But Chace seemingly approaches this issue from the aspect that the "super-intelligence" will be the natural result of progress in an open market-place and/or an open scientific process, where every nation will potentially benefit equally. This, to me, is unlikely. A super-intelligence in the hands of one nation, corporation, or other group would instantly give that group a whole magnitude (or more) of an advantage over any other. There is no guarantee that a super-intelligence would be able to be sufficiently controllable to be useful, but the risk of a competitor developing such a super AI first--and being able to exploit it--is too great to ignore.

Obviously, I'm not the first to have thought of this issue, and I quickly found some additional articles addressing this issue. From an abstract of the book, Singularity Hypotheses: A Scientific and Philosophical Assessment comes a similar assessment to mine:
Chalmers notes that even if it is technically feasible for humanity to produce an intelligence explosion, we may not exercise that capacity because of “motivational defeaters,” choosing to restrict, slow, and manage the development of advanced AI technologies to reduce risk. On the other hand, since a lead in AI technology may translate into overwhelming military advantage, an arms race dynamic may give states incentives to pursue even very dangerous research in hopes of attaining a leading position.
The authors go on to observe:
... the military impact of an intelligence explosion would seem to lie primarily in the extreme acceleration in the development of new capabilities. A state might launch an AI Manhattan Project to gain a few months or years of sole access to advanced AI systems, and then initiate an intelligence explosion to greatly increase the rate of progress. Even if rivals remain only a few months behind chronologically, they may therefore be left many technological generations behind until their own intelligence explosions. It is much more probable that such a large gap would allow the leading power to safely disarm its nuclear-armed rivals than that any specific technological generation will provide a decisive advantage over the one immediately preceding it.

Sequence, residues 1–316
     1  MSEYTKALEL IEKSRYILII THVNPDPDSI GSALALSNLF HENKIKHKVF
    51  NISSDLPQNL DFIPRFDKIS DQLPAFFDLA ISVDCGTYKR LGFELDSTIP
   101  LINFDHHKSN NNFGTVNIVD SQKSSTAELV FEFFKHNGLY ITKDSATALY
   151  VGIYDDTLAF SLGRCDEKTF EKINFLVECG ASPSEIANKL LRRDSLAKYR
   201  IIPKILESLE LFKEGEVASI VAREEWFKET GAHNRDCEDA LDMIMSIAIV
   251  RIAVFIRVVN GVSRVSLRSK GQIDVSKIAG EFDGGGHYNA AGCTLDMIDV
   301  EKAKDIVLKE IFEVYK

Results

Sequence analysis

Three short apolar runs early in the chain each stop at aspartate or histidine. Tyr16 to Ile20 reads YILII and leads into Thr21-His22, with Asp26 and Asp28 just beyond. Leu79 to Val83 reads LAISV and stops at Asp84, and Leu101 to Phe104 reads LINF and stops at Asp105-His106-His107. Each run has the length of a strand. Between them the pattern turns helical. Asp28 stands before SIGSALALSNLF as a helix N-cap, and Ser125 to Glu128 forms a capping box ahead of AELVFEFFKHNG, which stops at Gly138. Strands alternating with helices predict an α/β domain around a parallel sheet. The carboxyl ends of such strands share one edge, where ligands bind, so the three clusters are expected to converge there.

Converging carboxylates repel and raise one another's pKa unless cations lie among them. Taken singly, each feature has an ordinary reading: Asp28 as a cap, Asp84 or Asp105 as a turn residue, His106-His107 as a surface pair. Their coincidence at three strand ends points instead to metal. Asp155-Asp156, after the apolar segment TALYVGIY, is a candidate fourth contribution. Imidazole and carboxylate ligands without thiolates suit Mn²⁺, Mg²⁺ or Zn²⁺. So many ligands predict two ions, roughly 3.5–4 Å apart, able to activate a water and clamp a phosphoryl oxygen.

If states do take AI potential seriously, how likely is it that a government's “in-house” systems will reach the the point of an intelligence explosion months or years before competitors? Historically, there were substantial delays between the the first five nuclear powers tested bombs in 1945, 1949. 1952, 1960, and 1964. The Soviet Union's 1949 test benefited from extensive espionage and infiltration of the Manhattan Project, and Britain's 1952 test reflected formal joint participation in the Manhattan Project.

If the speedup in progress delivered by an intelligence explosion were large, such gaps would allow the leading power to solidify a monopoly on the technology and military power, at much lower cost in resources and loss of life than would have been required for the United States to maintain its nuclear monopoly of 1945-1949. To the extent that states distrust their rivals with such complete power, or wish to exploit itthemselves, there would be strong incentives to vigorously push forward AI research, and to ensure government control over systems capable of producing an intelligence explosion.
Zoltan Istvan, writing at Motherboard, similarly states: "[N]ations should do all they can to develop artificial intelligence, because whichever country produces an AI first will likely end up ruling the world indefinitely, since that AI will be able to control all other technologies and their development on the planet."